Guy Harrison: What about general web apps are people using CockroachDB just as a general-purpose database? If I'm building a sort of like a web application, I can pretty much build it on anything that is...and what we haven't mentioned, for those who don't know, CockroachDB is PostgreSQL wire protocol compatible, which means that you can use all of the Postgres drivers. There's no sort of specific CockroachDB application stack that you need to use, it's broadly compatible with a lot of stacks that support PostgreSQL. So, it's pretty easy to use, I can just install it on my laptop, or I can get a Cloud service and I can start building apps on it. Just as I could with, you know, Postgres itself or MongoDB, or MySQL or what have you. Is there any sort of like reason not to use Cockroach as a sort of like in those scenarios? It's got a lot of features, but if those features holding you back when you just want a sort of like a simple database service that supports SQL?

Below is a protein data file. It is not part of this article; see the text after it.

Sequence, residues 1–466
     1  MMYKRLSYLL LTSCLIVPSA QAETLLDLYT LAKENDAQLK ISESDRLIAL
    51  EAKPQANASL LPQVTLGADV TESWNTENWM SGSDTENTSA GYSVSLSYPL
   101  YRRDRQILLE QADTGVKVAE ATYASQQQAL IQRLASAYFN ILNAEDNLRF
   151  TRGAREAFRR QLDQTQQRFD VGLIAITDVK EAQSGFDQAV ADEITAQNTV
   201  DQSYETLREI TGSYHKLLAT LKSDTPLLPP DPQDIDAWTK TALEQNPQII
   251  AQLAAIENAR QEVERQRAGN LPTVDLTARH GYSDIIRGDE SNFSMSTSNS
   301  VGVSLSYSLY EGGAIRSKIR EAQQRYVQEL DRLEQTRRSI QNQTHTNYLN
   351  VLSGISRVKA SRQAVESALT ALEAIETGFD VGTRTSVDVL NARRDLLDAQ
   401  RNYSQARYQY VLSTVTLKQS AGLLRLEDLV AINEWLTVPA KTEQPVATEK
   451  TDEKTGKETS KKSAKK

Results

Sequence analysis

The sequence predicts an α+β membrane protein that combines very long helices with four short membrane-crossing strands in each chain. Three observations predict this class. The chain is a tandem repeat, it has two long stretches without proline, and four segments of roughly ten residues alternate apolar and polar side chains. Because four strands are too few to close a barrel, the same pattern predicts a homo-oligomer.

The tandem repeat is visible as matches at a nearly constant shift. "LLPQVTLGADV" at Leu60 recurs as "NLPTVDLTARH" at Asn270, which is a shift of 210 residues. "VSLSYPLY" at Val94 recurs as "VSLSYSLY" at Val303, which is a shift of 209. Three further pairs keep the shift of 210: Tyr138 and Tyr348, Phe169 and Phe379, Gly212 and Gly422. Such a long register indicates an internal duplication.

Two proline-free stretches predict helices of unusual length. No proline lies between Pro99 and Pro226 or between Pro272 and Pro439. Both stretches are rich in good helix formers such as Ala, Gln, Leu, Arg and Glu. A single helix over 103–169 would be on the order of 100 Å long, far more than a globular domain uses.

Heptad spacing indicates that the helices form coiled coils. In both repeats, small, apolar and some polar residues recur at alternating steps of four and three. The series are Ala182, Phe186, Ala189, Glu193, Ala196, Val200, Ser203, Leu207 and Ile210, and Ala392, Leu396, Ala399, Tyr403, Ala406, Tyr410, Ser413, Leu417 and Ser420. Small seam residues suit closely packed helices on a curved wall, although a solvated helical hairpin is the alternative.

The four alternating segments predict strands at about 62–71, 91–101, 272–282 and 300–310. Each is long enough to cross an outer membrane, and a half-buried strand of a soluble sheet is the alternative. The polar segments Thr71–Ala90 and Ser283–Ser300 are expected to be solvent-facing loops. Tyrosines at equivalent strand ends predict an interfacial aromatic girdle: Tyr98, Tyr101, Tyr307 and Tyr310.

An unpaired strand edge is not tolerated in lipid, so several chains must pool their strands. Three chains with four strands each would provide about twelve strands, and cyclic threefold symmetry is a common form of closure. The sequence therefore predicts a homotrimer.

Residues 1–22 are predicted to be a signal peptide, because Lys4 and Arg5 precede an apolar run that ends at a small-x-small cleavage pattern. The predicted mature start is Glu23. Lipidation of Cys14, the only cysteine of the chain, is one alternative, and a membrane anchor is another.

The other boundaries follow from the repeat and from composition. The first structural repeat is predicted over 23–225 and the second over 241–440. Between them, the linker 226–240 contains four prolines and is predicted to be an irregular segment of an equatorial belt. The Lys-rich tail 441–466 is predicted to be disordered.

Ben Darnell: No, I think that one of the great things about Cockroach is that it's a database that can be a good fit for you on day one, and can scale out with you even as your application or business expands worldwide. I think from day one setting up CockroachDB can be a lot easier than setting up, you know, so it may not be as easy as just doing an apt get install Postgres to get a basic single node Postgres server running. But by the time you add in replication and backups, and all the sorts of things that you need to do to make a Postgres instance, really production-ready, all of those things are a lot simpler when you're dealing with CockroachDB, because we have replication built-in as a core first-class concept. And you can do auto-scaling, rebalancing, and things like that automatically.